The first step, elaboration, is reading in your RTL file (which is text) and recognizing bits of code that represent real hardware structures. Once recognized, these are converted (in Vivado synthesis case) into "generic technology cells" - abstract things like registers, adders, comparators, multiplexers, arbitrarily wide gates, etc...

This step is necessary since the next steps (high and low level optimizations) are timing driven, and hence need constraints. But, constraints cannot be applied to your RTL (which is text) - they need to be applied to a netlist. So elaboration creates the netlist of generic technology cells.

In normal flows, we simply do elaboration as part of synthesis - its more or less invisible (although it may show up in the synthesis log). However, we can ask Vivado synthesis to "stop" after elaboration, and give us access to the netlist of generic technology cells.

There are only a couple of reasons to do this:

  1. to make sure that the synthesis tool understood our RTL code. We can look at things like hierarchical structure, check for things like unconnected inputs and outputs, make sure it recognized higher level structures (like RAMs), all before it goes ahead with the rest of the steps
  2. to verify and create constraints. The next steps of synthesis (optimization) need constraints. These constraints, though, need to be correct for this "generic technology" representation of your design. Generally, the constraints that you write for your design will end up being applicable for both the generic tech representation and the technology mapped representation (where the design is converted to Xilinx Basic ELements or BELs). Sometimes, though, the structure and naming of the generic technology netlist means that the constraints need to be ever so slightly different (or written differently so that they can apply to both forms of netlist). By opening the elaborated design, you can experiment with constraints to find the format that accomplishes what you want - these can then be used for synthesis or for both synthesis and implementation

Once you have done all this, you close the elaborated design, and it goes away (i.e. you cannot "continue" the rest of the synthesis process). When you synthesize the design, it will re-elaborate it as part of the synthesis run.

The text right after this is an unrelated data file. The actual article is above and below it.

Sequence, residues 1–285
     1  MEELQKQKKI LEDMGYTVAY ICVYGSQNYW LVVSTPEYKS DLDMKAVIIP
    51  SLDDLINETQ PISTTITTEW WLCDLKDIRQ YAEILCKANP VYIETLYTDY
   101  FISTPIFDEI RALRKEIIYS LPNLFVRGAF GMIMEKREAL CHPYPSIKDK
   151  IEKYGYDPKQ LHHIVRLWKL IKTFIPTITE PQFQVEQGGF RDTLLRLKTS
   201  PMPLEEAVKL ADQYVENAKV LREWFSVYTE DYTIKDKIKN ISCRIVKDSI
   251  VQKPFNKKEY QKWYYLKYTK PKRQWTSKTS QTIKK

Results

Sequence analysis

By the way, the elaboration process is actually done by the synthesis process - in non-project batch mode it is done with the command

synth_design -rtl

This specifically tells the synth_design process to stop after the elaboration has been completed.

Avrum

View solution in original post

Tags (2)
Highlighted
Advisor
Advisor
36,105 Views
Registered: ‎10-10-2014

Thanks @avrumw for this exceptionally clear answer!  

 

Glad I asked the question, the word 'elaborate' is all over the vivado manuals but didn't really find a great explanation.

** kudo if the answer was helpful. Accept as solution if your question is answered **
0 Kudos
Highlighted
Scholar
Scholar
36,063 Views
Registered: ‎09-16-2009

I'd add a few more notes to avrum's answer.  I break that first synthesis step down (mentally) into 2 steps:

Compilation of code

Elaboration of code

 

During compiliation, the tool's looking at basic syntax, and verifying there's no syntax errors.  Verifying that you're code obeys the rules of the language, pretty much on just a file-by-file basis.

 

Next, during elaboration, the tool's checking more global, connectivity, and other rules to the entire design.

During elaboration, it's evaluating parameters (generics), setting port sizes, etc, accordingly.  The tool's checking to make sure the the connectivity is legit.  i.e. a top level module calls a sub-module with a port "A".  Well does port "A" actually exist on the sub-module?  Is it the correct width?  And many similar checks.  After elaboration, it's ready for the next steps as avrum's described.

 

For me this has it's roots in Cadence's simulation software.  You used to call three seperate tools to simulate:

ncverilog

ncelab

ncsim

 

So the steps there were very explicit.  Cadence probably didn't invent the terms, but that's where I became familiar with them.

 

Modelsim's similar - where you run:

vlog

vsim

 

Here the vsim command does the elaboration, and simulation. Actually, for Mentor, there's some flows which include a "vopt" command after vlog, which (among other things) does an elaboration.

 

Regards,

 

Mark

 

Highlighted